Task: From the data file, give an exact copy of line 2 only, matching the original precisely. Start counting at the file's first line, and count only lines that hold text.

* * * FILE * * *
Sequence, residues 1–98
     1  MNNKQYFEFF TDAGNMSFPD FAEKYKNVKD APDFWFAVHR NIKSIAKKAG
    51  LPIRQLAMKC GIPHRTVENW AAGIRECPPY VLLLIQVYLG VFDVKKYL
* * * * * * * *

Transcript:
     1  MNNKQYFEFF TDAGNMSFPD FAEKYKNVKD APDFWFAVHR NIKSIAKKAG